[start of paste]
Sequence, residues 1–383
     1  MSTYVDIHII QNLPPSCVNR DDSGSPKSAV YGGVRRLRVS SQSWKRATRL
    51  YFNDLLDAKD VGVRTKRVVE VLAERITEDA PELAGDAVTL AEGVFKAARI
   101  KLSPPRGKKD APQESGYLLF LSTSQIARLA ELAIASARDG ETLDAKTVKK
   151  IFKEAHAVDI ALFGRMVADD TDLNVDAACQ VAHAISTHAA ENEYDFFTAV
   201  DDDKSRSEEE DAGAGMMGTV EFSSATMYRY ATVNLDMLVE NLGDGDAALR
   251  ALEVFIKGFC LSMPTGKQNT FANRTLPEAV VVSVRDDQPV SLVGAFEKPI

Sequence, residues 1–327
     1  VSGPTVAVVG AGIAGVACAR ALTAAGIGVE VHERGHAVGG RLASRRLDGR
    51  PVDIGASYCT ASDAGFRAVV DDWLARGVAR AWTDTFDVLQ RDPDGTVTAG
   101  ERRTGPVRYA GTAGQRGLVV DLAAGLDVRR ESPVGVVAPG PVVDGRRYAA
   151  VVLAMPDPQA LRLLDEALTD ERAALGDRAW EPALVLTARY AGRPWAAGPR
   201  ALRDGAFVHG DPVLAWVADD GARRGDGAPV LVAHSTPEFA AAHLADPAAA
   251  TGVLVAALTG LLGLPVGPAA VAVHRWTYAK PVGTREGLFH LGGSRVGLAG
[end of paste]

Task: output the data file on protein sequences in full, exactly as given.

Sequence, residues 1–383
     1  MSTYVDIHII QNLPPSCVNR DDSGSPKSAV YGGVRRLRVS SQSWKRATRL
    51  YFNDLLDAKD VGVRTKRVVE VLAERITEDA PELAGDAVTL AEGVFKAARI
   101  KLSPPRGKKD APQESGYLLF LSTSQIARLA ELAIASARDG ETLDAKTVKK
   151  IFKEAHAVDI ALFGRMVADD TDLNVDAACQ VAHAISTHAA ENEYDFFTAV
   201  DDDKSRSEEE DAGAGMMGTV EFSSATMYRY ATVNLDMLVE NLGDGDAALR
   251  ALEVFIKGFC LSMPTGKQNT FANRTLPEAV VVSVRDDQPV SLVGAFEKPI

Sequence, residues 1–327
     1  VSGPTVAVVG AGIAGVACAR ALTAAGIGVE VHERGHAVGG RLASRRLDGR
    51  PVDIGASYCT ASDAGFRAVV DDWLARGVAR AWTDTFDVLQ RDPDGTVTAG
   101  ERRTGPVRYA GTAGQRGLVV DLAAGLDVRR ESPVGVVAPG PVVDGRRYAA
   151  VVLAMPDPQA LRLLDEALTD ERAALGDRAW EPALVLTARY AGRPWAAGPR
   201  ALRDGAFVHG DPVLAWVADD GARRGDGAPV LVAHSTPEFA AAHLADPAAA
   251  TGVLVAALTG LLGLPVGPAA VAVHRWTYAK PVGTREGLFH LGGSRVGLAG